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Serverless Computing with AWS Lambda

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If you're a software developer, you've likely heard some buzz surrounding serverless computing and its potential to revolutionise the way we build and deploy applications. At the forefront of this trend is AWS Lambda – Amazon's powerful, pay-as-you-go serverless computing platform that allows developers to run code without provisioning or managing servers.

As software development consultants, we’ve seen first-hand how Lambda can improve efficiency, scalability, and save on costs for businesses. We decided to put together this guide based on our internal bootcamp, to help developers get started and take advantage of its many benefits. Let's dive in and explore the exciting world of Lambda together with Iderisse Dom, who leads our bootcamps.

Why We Prefer AWS Lambda

If you’re a developer, chances are that we don’t need to convince you about the benefits of serverless computing anymore. Being able to build and run applications without having to bother with provisioning and managing servers is a clear benefit. Other benefits include pay-per-use models and automatic scaling. If you’re working with event-driven architectures, serverless is pretty much the go-to option.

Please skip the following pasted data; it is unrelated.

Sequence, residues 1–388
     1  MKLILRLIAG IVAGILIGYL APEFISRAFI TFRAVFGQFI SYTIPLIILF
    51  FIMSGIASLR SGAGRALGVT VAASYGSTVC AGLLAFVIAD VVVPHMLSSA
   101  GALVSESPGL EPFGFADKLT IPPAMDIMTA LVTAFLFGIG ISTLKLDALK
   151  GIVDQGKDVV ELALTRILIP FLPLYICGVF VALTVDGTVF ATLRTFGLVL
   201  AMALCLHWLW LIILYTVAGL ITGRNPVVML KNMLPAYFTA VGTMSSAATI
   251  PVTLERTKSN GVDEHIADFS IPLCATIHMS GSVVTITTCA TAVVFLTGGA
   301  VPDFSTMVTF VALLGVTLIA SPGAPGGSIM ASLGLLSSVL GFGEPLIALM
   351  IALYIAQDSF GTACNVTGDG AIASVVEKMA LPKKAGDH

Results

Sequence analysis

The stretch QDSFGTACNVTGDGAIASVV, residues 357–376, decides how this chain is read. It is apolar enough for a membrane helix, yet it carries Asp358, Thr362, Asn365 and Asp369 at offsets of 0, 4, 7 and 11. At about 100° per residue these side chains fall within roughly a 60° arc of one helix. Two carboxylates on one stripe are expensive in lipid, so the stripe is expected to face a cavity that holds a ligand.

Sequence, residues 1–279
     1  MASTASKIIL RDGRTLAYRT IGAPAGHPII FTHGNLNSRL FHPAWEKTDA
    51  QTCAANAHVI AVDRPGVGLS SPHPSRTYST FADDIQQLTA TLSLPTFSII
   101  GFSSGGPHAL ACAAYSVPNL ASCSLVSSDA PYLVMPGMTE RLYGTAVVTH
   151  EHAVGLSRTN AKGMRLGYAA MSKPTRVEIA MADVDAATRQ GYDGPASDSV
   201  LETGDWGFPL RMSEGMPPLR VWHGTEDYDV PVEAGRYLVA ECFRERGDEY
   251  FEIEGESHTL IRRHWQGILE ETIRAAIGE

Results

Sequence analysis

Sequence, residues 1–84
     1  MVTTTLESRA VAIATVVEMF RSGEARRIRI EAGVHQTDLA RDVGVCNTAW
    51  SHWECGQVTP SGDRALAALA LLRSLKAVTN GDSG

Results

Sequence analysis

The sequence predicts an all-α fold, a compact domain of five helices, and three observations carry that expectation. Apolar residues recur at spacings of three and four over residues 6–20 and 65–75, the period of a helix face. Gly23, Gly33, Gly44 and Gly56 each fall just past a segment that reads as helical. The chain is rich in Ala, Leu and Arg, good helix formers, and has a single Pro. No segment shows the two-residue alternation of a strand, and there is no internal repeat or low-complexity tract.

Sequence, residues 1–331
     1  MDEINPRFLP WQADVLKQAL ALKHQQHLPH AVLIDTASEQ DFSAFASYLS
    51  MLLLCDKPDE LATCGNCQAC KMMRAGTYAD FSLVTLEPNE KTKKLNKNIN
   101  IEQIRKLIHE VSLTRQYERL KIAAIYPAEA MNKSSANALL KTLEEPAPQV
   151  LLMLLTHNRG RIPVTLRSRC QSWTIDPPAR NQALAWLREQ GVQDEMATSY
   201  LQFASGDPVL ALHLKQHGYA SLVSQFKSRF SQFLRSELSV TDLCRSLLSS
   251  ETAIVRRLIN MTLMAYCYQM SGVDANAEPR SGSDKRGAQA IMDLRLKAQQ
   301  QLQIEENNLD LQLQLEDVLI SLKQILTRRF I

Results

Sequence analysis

The next choice is a less obvious one. The Serverless Framework, an open-source platform that abstracts away the underlying infrastructure, works just as well with competitors like Google Cloud Functions and Azure Functions. So why choose AWS Lambda?

It boils down to personal preferences and your clients’ existing infrastructure, but we prefer Lambda for its maturity, excellent performance, wide range of use cases and ease of use. It has existed longer than its competitors, so it has the most features, best documentation, and tooling and performance out of the box, including advanced scaling capabilities.

AWS Lambda supports several programming languages, including Java, JavaScript, C#, Golang and Python, so you probably won’t have to learn a new language. There are also several integrations with other Amazon services that will help you streamline your workflow. With Lambda, you can set up your code to respond to triggers such as changes to data in an S3 bucket, a new item in a DynamoDB table, or an HTTP request using API Gateway.